Culture secretary and Tory MP Nadine Dorries has been accused of comparing homosexuality with paedophilia in her 2014 novel The Four Streets.
Despite her presumably large workload as MP for Mid Bedfordshire and secretary of state for digital, culture, media and sport, Dorries has a second job as a fiction writer.
The MP, who was suspended by the Conservative Party while she took part in the 12th series of I’m a Celebrity… Get Me Out of Here in 2012, being the first person to be voted off that year, has written 15 books to date and claims to have sold more than 2.5 million copies.
The 64-year-old earned around £157,000 in royalties from her books in 2020, on top of her £82,000 MP salary, plus expenses, despite crime writer Abir Mukherjee once saying: “Calling Nadine Dorries an author is like saying cannibal, Jeffrey Dahmer was a chef.”
But an excerpt from her first book The Four Streets, published in 2014 and centring around a community of Irish dockers’ families in Liverpool in the 1950s with a ghost also appearing intermittently throughout, has been brought to light.
The central characters of the book, described by a Telegraph reviewer as “the worst novel I’ve read in 10 years”, are two young girls, one of whom is abused by a priest involved with a paedophile ring of NHS hospital porters.
The excerpt reads: “‘There is nothing wrong with us,’ said Austin to Stanley, ‘we just like something different from others, that doesn’t mean it’s wrong.’
“They all felt the same… ‘Homos will be in the law soon,’ said Arthur, often. ‘We will be one day too.’
“Stanley supposed that, as he liked boys, he was a ‘homo’ too. The difference was, he liked them from the age of two to 12. Once they reached puberty, they were of no interest to him.”
Boris Johnson and Nadine Dorries with supporters before the Conservative leadership hustings, 2019. (Getty/ Leon Neal)
The conflation of homosexuality and paedophilia is a homophobic trope that has been around for decades.
Sharing a screenshot of the passage, Matthew Hodson, executive director of AIDSmap, tweeted: “This is Nadine Dorries, the secretary of state for digital, culture, media and sport equating homosexuality with paedophilia. You should be worried.
Equating homosexuality with paedophilia is a classic element of the homophobe’s playbook. I remember it well from the 80s.
Still today, when I’ve been subject to online trolling, it is how strangers choose to attack me.
It’s deeply concerning to see such views in our Government. pic.twitter.com/PKjGuF8vQr
— Matthew Hodson (@Matthew_Hodson) March 8, 2022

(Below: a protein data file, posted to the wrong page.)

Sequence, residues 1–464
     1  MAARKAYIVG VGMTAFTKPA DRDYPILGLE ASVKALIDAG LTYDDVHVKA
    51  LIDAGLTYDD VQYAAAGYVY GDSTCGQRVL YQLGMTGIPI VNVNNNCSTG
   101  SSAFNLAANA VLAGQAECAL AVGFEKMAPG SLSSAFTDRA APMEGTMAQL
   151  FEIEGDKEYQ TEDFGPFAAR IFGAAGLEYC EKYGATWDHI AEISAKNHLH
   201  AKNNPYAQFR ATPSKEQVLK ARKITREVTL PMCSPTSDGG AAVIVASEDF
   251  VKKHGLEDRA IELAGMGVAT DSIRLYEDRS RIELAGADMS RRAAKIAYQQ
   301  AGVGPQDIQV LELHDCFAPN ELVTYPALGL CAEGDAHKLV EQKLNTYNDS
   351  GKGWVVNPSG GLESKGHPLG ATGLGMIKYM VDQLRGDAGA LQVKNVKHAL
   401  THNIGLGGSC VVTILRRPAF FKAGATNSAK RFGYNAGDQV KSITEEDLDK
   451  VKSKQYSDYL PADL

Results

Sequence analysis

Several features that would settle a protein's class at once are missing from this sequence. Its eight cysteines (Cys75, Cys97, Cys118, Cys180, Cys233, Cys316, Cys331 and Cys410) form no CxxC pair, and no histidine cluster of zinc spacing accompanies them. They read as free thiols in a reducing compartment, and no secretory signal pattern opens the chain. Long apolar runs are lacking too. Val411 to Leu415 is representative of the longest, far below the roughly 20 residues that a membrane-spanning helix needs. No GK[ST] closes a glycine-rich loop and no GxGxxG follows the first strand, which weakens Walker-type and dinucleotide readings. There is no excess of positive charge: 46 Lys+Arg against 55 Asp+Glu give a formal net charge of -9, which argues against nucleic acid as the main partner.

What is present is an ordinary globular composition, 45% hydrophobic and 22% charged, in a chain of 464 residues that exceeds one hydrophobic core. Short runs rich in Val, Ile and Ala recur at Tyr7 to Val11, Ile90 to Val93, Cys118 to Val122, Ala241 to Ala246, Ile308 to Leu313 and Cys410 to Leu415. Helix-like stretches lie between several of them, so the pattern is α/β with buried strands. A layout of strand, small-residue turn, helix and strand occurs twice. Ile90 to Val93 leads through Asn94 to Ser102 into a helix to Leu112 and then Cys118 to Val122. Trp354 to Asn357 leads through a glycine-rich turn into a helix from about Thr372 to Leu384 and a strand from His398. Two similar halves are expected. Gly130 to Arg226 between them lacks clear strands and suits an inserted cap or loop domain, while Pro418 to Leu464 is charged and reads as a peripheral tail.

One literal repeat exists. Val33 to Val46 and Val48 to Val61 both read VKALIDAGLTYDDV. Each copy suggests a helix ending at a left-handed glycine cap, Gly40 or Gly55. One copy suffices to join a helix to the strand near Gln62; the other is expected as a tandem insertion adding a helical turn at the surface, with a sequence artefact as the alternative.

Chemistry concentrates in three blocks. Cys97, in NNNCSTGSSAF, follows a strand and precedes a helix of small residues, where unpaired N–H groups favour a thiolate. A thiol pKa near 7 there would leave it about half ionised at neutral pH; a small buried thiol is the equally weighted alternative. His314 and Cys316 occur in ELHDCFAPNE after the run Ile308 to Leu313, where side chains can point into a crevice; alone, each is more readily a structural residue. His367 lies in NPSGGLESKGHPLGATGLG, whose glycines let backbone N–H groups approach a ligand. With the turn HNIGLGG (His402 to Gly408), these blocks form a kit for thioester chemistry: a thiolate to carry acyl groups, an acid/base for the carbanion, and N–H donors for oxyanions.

“Equating homosexuality with paedophilia is a classic element of the homophobes’ playbook. I remember it well from the 80s.
“Still today, when I’ve been subject to online trolling, it is how strangers choose to attack me. It’s deeply concerning to see such views in our government.”
Responding to the excerpt from Dorries’ novel, Sasha Misra, associate director of communications and campaigns at Stonewall, told PinkNews: “The idea that LGBTQ+ people are inherently a danger to children is an offensive, long-running myth that is deeply damaging to our communities and puts lives in danger.
“These stereotypes are used as an excuse to stigmatise LGBTQ+ people and take away our rights, and It’s important to be mindful of this when portraying LGBTQ+ characters and stories.”
Dorries’ publisher Head of Zeus told PinkNews in a statement: “This passage shows an ignorant and unpleasant character reflecting on the changing social landscape of post war Britain. Any viewpoint is the viewpoint of the character not of the author or publisher.”
Nadine Dorries has not responded to PinkNews‘ repeated requests for comment.
Nadine Dorries has a terrible political record when it comes to LGBT+ rights
In 2012, Nadine Dorries openly opposed legislation to legalise marriage equality, repeatedly voting against it.
In an article for Conservative Home, she wrote at the time: “Gay marriage is a policy which has been pursued by the metro elite gay activists and needs to be put into the same bin [as reform of the House of Lords].”
She added that she had never met a same-sex couple that wanted to get married, and that the legislation “transforms them into political agitators who have set themselves against the church and community”.
In 2013, speaking in parliament, Dorries compared marriage equality to incest, asking: “If gay marriage bill takes sex out of marriage could a sister marry a sister to avoid inheritance tax?”
If David Cameron wants Conservative party to lose as many as fifty seats at next election he must push forward with the gay marriage bill
— Nadine Dorries (@NadineDorries) May 11, 2013
So, we dropped to 27 points in tonight’s polls. That gay marriage thing is really working for us.
— Nadine Dorries (@NadineDorries) May 21, 2013
She also bizarrely insisted: “The definition of marriage and the definition of sex is for ordinary and complete sex to have taken place. Same-sex couples cannot meet this requirement.”
Although she described voting against same-sex marriage as her “biggest regret” in 2018, she later used the issue to back a ban on burkas.
The culture secretary has also pushed for the promotion of abstinence in sex education for girls, but not for boys, and has pushed for the reduction of the time limit for legal abortion in the UK.